Apush Chapter 7 Outline Essay

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Chapter Seven: The Jeffersonian Era

I. The Rise of Cultural Nationalism
A. Patterns of Education
1. Central to the Republican vision was the concept of a virtuous and enlightened citizenry.
2. Republicans believed in the establishment of a nationwide system of public schools to create the educated electorate they believe a republic required.
3. A Massachusetts law of 1789 reaffirmed the colonial laws by which each town was obligated to support a school, but there was little enforcement.
4. Schooling became primarily of private institutions, most of which were open only to those who could afford to pay for them.
5. Many were frankly aristocratic in outlook, training their students to become members of the nation’s elite.
6. In
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6. One of the most striking features of the Second Great Awakening was the preponderance of women within in.
7. Handsome Lake, a Seneca whose seemingly miraculous “rebirth” after years of alcoholism, called for a revival of traditional Indian ways.
8. The Second Great Awakening also had important effects on those Americans who did not accept its teachings—freethinkers.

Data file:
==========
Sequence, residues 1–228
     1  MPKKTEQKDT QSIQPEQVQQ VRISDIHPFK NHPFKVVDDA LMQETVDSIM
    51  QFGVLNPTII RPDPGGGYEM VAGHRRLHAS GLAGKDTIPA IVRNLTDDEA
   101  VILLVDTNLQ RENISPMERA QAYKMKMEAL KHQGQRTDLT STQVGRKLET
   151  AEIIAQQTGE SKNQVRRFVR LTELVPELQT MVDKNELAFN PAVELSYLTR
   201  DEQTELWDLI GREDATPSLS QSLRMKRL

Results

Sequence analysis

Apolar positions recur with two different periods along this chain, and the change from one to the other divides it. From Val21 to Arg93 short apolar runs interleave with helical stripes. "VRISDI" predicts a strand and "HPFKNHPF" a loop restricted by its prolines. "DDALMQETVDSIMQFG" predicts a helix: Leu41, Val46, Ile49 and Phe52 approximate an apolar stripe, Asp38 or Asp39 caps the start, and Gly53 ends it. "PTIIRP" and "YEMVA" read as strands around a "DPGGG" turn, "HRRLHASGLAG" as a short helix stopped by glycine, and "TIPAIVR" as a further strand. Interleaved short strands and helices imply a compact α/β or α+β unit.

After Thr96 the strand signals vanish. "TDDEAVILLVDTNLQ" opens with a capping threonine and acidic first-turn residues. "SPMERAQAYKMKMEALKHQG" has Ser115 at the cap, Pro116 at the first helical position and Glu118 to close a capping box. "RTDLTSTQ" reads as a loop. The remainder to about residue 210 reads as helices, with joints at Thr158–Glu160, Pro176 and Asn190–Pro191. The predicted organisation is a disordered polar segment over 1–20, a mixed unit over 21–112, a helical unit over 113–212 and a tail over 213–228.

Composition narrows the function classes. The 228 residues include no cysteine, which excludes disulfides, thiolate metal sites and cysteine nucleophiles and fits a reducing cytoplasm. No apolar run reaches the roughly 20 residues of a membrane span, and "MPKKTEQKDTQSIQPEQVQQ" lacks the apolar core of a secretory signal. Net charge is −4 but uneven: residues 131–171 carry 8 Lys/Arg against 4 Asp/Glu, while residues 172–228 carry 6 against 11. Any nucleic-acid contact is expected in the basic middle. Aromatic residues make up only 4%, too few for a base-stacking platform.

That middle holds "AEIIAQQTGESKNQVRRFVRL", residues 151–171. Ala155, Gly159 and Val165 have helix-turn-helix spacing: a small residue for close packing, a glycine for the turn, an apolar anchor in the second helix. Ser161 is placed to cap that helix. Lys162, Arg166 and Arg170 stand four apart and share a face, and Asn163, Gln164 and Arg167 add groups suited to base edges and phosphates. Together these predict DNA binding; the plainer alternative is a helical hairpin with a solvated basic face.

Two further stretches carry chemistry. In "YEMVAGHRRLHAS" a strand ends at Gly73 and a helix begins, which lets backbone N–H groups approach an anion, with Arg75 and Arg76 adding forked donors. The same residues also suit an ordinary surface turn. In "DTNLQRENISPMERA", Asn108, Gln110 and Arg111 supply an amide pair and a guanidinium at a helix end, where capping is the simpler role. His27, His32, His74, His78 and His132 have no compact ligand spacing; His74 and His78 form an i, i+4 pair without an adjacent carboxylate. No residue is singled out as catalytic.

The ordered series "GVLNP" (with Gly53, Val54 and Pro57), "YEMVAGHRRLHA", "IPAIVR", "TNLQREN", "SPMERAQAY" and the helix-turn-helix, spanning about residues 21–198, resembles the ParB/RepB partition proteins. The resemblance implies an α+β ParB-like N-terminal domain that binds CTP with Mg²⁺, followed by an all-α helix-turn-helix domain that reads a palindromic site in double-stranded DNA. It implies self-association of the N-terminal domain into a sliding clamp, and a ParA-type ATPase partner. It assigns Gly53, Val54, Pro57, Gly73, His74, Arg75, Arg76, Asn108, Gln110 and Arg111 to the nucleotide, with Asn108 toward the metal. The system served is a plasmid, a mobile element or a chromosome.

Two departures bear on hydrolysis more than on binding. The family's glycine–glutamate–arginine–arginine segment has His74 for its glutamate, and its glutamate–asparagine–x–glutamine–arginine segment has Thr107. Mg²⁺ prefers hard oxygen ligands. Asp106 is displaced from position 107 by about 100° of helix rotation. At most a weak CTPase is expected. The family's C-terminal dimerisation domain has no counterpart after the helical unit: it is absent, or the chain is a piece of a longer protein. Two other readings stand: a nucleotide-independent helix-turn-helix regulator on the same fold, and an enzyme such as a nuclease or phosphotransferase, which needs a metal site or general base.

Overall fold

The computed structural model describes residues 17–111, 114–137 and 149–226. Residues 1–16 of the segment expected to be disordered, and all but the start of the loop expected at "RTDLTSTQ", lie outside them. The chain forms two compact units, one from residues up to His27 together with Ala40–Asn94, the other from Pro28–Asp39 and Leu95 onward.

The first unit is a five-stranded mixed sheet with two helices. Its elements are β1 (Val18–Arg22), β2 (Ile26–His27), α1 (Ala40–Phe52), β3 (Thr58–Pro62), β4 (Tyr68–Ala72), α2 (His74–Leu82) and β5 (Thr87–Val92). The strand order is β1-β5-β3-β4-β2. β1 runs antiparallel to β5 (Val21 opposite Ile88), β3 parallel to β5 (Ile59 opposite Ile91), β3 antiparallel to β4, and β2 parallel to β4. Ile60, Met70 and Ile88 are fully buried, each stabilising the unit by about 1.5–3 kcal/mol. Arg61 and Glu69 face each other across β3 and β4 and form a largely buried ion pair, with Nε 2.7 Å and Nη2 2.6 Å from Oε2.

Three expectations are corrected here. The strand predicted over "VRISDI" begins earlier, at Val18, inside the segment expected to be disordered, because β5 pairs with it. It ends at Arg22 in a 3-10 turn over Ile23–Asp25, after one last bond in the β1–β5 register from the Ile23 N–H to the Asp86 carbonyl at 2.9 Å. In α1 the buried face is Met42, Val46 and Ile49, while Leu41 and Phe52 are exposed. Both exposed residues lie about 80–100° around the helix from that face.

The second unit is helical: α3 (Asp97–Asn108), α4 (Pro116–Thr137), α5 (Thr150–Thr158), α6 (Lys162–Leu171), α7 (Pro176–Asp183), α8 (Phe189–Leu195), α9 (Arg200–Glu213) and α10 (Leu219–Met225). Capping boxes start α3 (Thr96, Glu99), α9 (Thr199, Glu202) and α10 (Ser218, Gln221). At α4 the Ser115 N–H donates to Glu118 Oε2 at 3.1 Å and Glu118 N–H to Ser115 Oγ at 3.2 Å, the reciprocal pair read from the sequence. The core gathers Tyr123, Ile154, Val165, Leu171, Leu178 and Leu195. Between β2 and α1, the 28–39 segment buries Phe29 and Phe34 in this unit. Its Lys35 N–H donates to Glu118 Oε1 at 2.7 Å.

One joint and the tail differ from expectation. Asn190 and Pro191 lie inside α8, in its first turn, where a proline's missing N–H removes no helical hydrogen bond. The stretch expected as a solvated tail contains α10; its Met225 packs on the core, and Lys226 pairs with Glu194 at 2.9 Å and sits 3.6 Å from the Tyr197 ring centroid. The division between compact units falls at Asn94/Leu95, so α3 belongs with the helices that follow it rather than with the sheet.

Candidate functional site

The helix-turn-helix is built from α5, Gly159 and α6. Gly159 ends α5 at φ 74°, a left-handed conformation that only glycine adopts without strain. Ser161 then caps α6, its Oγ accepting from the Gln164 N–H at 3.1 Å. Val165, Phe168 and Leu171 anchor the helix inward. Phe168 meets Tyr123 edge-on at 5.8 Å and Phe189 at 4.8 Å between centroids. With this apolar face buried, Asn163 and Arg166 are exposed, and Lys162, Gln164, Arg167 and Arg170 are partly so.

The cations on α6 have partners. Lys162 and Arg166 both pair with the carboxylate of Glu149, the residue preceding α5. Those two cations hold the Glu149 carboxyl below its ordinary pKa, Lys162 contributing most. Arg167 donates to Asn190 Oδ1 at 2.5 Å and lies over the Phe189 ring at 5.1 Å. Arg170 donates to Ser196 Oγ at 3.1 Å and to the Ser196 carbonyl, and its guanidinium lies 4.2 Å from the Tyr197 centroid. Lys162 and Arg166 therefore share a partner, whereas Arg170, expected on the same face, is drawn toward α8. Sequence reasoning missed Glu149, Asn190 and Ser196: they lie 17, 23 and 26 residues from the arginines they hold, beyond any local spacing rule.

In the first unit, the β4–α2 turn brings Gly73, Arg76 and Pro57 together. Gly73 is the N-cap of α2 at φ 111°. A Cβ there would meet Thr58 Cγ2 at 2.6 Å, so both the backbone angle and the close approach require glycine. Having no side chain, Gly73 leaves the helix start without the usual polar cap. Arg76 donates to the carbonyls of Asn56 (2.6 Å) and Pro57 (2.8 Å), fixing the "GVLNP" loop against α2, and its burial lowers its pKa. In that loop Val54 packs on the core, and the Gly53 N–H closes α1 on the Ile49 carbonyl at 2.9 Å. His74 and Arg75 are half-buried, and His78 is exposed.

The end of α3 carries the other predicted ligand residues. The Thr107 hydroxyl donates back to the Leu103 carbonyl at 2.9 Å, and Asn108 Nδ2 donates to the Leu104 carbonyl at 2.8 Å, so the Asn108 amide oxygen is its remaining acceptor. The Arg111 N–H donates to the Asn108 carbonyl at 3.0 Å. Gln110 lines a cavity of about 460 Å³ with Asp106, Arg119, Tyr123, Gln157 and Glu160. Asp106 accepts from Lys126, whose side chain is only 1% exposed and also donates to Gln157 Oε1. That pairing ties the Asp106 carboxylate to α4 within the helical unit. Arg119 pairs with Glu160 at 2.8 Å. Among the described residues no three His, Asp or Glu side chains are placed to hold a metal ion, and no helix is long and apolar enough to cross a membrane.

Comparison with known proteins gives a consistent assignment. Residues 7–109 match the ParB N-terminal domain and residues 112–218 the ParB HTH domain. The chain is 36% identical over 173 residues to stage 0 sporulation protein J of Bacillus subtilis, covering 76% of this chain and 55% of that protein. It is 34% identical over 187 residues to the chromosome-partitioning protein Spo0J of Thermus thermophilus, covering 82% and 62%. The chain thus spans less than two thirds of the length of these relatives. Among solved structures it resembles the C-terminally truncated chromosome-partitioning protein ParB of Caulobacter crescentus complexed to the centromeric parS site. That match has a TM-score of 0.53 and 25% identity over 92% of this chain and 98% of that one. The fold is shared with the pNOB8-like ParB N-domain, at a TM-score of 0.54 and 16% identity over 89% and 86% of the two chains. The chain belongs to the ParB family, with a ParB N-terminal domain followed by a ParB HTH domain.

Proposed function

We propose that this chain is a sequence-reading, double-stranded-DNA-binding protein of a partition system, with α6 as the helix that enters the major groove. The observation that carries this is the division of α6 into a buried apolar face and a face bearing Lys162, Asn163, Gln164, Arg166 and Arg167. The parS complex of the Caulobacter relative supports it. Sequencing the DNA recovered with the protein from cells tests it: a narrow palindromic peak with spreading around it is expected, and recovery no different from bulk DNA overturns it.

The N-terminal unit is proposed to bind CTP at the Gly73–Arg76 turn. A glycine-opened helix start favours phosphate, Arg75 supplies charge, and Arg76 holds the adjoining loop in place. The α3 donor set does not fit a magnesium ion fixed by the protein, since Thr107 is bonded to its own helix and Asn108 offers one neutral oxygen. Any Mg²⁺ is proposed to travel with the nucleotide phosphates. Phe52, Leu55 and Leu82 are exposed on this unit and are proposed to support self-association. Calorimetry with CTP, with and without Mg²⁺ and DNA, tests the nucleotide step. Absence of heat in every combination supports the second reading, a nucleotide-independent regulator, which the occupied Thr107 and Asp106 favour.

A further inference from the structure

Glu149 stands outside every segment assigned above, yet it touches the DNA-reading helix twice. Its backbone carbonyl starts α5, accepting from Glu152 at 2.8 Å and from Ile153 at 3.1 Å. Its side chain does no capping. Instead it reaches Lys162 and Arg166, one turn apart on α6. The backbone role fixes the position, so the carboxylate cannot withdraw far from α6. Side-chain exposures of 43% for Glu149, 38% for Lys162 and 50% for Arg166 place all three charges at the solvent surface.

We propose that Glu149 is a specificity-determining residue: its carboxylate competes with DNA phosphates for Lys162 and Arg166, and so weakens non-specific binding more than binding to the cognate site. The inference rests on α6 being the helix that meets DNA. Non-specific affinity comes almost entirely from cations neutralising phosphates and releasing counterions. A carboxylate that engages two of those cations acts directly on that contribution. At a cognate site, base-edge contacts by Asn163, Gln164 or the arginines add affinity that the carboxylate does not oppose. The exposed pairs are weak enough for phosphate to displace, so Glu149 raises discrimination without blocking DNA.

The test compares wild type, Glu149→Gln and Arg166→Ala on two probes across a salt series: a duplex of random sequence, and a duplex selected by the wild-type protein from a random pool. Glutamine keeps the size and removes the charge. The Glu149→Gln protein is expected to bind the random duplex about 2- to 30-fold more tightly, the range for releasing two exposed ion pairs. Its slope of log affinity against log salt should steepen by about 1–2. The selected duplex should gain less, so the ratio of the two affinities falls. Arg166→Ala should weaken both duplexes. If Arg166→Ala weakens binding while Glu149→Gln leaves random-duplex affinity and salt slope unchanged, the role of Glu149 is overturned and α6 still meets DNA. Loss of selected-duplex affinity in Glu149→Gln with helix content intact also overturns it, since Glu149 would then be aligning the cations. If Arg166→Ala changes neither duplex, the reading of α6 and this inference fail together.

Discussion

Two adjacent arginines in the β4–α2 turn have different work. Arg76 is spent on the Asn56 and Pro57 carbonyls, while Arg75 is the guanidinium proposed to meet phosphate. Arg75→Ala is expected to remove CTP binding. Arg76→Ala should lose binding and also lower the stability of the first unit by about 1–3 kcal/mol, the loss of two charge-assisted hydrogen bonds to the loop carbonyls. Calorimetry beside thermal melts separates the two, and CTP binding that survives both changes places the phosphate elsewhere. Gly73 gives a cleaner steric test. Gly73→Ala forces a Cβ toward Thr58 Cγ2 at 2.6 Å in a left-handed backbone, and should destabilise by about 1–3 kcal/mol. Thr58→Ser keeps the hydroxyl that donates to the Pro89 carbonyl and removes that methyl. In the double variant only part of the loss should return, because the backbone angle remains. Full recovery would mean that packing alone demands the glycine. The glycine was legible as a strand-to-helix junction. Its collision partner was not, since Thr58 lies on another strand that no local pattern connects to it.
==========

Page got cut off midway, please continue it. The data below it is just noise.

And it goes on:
Subsection Summary: The Second Great Awakening revolved around the fight to prevent the spread of religious rationalism and to revitalize church organizations.
Sections I Summary: The rise of cultural nationalism reflected the Republican vision of the nation’s future, but posed a serious challenge to Republican ideals.

II. Stirrings of Industrialism
A. Technology in America
1. The British government attempted to protect the nation’s manufacturing preeminence by preventing the export of textile machinery or the emigration of skilled mechanics.
2. Immigrants arrived in the United States with advanced knowledge of English technology, eager to introduce the new machines to America in which they later produced their own several important inventors.
3. Even more influential for the future of the nation were the inventions of Eli Whitney, who revolutionized both cotton production and weapons manufacturing—“cotton gin.”
4. The cotton